Speleothems and paleoglaciers, , Spotl Christoph, Mangini Augusto,
Ice and speleothems are widely regarded as mutually exclusive as the presence of liquid water is a fundamental prerequisite for speleothem deposition. Here we show that speleothems may form in caves overlain by a glacier, as long as the temperature in the cave is above freezing and the conduits are not completely flooded by melt water. Carbonate dissolution is accomplished via sulfide oxidation and the resultant speleothems show high [delta]13C values approaching and locally exceeding those of the parent host rock (lack of soil-derived biogenic C). The [delta]18O values reflect the isotopic composition of the melt water percolating into the karst fissure network and carry an atmospheric (temperature) signal, which is distinctly lower than those of speleothems formed during periods when soil and vegetation were present above the cave. These `subglacial' speleothems provide a means of identifying and dating the former presence of warm-based paleoglaciers and allow us to place some constraints on paleotemperature changes

Locomotor responses of the cave fish Astyanax jordani (Pisces, Characidae) to periodic and aperiodic light and temperature signals., 1978, Thins Georges, Weyers M.
The locomotory activity of adult cave fishes Astyanax jordani was recorded in isolation in the following light and temperature conditions: constant conditions (100 Lx; 200C), in a light cycle (LD:11/11 -10 Lx -100 Lx) and in a temperature cycle (11/11; 17/20, 19/22, 20/23, 27/30 C). All longitudinal time series extended for a minimum of 30 days. Results show: (1) That no circadian regulation appears in constant conditions; (2) that passive entrainment occurs in LD (Amplitude: 90 Lx) and in periodic temperature conditions (Amplitude: 3C). The entrainment effect damps out and varies individually; (3) that the mean activity increases with temperature; (4) The adjustment of activity to periodic signals is individually stable. These results suggest that A. Jordani is devoid of any endogenous oscillator of the circadian type. The observed thermal adaptation could have the following functions: (1) To increase the level of activity in function of the thermal level under the form of passive entrainment; (2) To enhance the exploratory behaviour of the fish in search of a thermal preference allowing the animal to keep inside a well defined zone of the subterranean biotope in relation to small local temperature changes.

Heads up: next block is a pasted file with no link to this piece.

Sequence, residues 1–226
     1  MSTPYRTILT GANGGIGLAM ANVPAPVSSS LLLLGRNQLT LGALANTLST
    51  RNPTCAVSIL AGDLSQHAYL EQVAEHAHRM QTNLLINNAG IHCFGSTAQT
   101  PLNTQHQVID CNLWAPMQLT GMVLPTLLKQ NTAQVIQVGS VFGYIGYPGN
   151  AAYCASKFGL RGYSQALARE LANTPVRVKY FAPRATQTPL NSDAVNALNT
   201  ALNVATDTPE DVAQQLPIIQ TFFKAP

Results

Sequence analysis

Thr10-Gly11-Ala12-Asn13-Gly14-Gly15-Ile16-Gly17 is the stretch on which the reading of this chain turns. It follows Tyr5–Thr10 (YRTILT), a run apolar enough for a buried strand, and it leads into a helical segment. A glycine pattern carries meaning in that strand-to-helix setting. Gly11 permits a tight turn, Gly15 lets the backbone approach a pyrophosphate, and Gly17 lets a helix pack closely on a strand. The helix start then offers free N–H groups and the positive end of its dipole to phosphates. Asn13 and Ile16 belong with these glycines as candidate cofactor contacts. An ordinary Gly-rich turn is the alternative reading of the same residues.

L'accident de Tchernobyl : une retombe positive en hydrogologie, 1986, Sesiano J. , Bueche M.
THE TCHERNOBYL ACCIDENT: A POSITIVE HYDROGEOLOGICAL ASPECT - As a continuation of dye-tracing studies of underground waters in Haute-Savoie, France, over the last few years, we have used the radioactive elements released by the Chernobyl nuclear accident as artificial tracers. The event happened simultaneously with the onset of the spring high waters. The response of the system was thus delayed by more than two weeks, the time for the water to percolate and for the aquifer to recharge. On the third week, a very faint signal was detected by gammametry and by liquid scintillation counters at the two surveyed springs.

DISSOLUTION OF ARAGONITE-STRONTIANITE SOLID-SOLUTIONS IN NONSTOICHIOMETRIC SR(HCO3)2-CA(HCO3)2-CO2-H2O SOLUTIONS, 1992, Plummer L. N. , Busenberg E. , Glynn P. D. , Blum A. E. ,